Educators who provide the ability to understand and speak English have a rewarding career that is in high demand. Teaching immigrant or migrant students the English language gives students a bright future.
Commonly referred to as English as a Second Language (ESL) teachers or Teaching English to Speakers of Other Languages (TESOL) teachers, the primary goal is to teach students English so they can successfully communicate in an English dominated society.
In comparison, Teaching English as a Foreign Language (TEFL) or English as Foreign Language (EFL) teachers are instructing students to learn English as a secondary language. These programs are often used overseas where English will not be the child's primary language in society.
Besides working in the k-12 setting, there is a wealth of other venues that seek to fill ESL teacher jobs galore. Community centers, adult learning programs, churches, and tutoring options are all available.
Education requirements for TESOL teachers vary depending upon the state. While rare, some schools do offer undergraduate degrees in ESL. Generally, one has a bachelor's degree in a related field: English, education, linguistics, or literacy is a good match. It is essential for an ESL teacher to have a strong command of the English language.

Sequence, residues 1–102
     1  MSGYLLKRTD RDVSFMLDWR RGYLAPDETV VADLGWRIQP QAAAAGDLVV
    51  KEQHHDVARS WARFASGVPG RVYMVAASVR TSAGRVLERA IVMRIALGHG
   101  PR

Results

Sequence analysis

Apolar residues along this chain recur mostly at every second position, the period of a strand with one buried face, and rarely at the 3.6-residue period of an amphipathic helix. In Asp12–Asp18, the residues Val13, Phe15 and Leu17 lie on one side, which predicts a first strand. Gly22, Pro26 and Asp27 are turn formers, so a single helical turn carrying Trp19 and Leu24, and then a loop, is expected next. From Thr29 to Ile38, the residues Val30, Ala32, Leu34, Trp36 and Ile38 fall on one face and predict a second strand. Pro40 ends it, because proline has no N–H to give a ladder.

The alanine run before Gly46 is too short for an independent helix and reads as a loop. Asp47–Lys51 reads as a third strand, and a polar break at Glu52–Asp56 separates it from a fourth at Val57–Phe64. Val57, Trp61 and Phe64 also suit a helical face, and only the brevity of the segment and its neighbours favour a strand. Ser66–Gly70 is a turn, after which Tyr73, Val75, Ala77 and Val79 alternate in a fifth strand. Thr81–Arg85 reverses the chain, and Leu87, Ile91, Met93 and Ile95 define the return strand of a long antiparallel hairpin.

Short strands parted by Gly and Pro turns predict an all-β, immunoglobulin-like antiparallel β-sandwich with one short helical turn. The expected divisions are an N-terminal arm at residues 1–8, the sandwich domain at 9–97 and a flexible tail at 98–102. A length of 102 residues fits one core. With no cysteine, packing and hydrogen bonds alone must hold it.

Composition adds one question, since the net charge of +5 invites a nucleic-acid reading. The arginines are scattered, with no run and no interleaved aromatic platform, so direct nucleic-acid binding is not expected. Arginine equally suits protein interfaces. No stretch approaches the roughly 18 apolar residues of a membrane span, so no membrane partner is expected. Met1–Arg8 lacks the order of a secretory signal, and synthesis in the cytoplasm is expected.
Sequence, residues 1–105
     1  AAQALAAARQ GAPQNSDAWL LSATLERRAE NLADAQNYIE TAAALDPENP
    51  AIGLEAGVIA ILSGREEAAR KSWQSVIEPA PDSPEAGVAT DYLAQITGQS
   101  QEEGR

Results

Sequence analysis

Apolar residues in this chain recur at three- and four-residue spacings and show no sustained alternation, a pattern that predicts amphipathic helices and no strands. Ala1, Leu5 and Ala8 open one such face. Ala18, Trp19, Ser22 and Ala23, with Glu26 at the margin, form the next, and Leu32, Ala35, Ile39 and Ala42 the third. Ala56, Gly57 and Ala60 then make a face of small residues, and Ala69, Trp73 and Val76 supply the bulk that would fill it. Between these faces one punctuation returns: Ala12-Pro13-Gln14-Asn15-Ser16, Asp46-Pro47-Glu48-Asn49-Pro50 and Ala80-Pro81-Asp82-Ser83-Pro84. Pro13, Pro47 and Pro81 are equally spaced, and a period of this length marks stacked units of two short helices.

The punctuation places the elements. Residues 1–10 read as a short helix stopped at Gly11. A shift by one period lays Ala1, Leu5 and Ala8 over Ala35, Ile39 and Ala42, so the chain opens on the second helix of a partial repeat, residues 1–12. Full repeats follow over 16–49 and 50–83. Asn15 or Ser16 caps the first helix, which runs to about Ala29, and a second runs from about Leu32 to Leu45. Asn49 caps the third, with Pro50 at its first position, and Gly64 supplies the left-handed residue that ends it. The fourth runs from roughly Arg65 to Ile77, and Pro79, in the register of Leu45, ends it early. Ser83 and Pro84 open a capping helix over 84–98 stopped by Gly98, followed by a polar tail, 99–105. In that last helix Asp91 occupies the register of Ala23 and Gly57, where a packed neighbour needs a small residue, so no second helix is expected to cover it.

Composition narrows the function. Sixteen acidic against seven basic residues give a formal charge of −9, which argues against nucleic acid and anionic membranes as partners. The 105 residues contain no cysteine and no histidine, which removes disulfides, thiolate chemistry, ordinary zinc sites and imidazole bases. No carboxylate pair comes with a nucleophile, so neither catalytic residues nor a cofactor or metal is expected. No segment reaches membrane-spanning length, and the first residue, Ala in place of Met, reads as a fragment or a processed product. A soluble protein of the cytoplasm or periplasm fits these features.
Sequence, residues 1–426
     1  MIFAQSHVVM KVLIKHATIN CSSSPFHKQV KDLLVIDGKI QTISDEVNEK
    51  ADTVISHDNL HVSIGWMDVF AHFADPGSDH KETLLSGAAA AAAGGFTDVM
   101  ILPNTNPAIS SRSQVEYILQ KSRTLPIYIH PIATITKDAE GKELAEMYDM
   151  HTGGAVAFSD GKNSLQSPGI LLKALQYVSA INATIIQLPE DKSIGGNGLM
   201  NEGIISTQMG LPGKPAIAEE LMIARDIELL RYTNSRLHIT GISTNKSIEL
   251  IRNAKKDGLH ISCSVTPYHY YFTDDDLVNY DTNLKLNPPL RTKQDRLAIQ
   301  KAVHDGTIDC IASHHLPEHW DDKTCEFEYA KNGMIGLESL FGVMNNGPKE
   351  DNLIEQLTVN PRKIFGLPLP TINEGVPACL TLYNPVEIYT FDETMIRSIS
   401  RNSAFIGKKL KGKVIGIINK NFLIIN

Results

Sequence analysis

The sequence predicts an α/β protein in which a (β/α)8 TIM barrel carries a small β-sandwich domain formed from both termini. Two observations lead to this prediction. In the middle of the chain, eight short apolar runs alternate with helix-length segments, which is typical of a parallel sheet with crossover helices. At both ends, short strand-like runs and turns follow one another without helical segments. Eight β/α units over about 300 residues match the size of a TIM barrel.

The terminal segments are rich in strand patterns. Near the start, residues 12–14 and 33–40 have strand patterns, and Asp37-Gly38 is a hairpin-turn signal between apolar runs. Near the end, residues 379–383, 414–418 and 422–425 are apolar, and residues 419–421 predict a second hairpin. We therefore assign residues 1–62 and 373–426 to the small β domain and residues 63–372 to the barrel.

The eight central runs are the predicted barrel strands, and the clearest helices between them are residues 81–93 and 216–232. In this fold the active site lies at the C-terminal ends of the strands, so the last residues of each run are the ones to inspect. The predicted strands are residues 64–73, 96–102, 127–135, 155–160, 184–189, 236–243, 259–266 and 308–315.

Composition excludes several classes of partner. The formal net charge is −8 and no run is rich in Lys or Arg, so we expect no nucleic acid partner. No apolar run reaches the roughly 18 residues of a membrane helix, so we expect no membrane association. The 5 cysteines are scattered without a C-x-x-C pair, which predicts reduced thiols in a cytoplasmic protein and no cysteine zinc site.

In addition, certification must be earned. Various types exist. One way to earn certification is through a master's degree program in ESL. Many states have specific requirements and exams for ESL certification. Otherwise, national standards exist. Typically, 12 to 24 credit hours are needed for certification through an accredited college or university. An internship may also be required. Online certification programs are also widely available.
While salaries vary depending upon location and experience, the average ESL teacher earns US$37,000 as of 2008 according to SimplyHired.com. Demand for TESOL teachers is expected to grow faster than most professions.
Fluency in another language is beneficial but is not required. Rather, one must have the desire to help people from other cultures. Respect for diversity is important.
TESOL teachers must be flexible, patient, and able to use a variety of teaching methods. Effective nonverbal communication skills are necessary. Visual aids are a helpful teaching tool ESL teachers provide for their students.
Inclusion and pull-out programs are both used by TESOL teachers. Lesson plans and records of progress must be kept. In addition, TESOL teachers provide regular education teachers with the resources and knowledge to successfully integrate students who are not fluent in English into the classroom setting.
Communication with the students' family members is required. Parents or guardians usually have limited English and the ESL teacher should provide the parents with contact information and resources for learning English themselves. Additionally, home extension activities for students should be provided to increase the learning process.
The very nature of ESL teaching can be challenging to some. Communicating with students from a variety of languages can be frustrating at times. However, the breakthrough moments when true learning is witnessed are abundant in TESOL education. Each teacher knows he is significantly impacting the life of his students.
Consult the following resources for additional information.
Teacher of English to Speakers of Other Languages, Inc.
ESL Teacher Association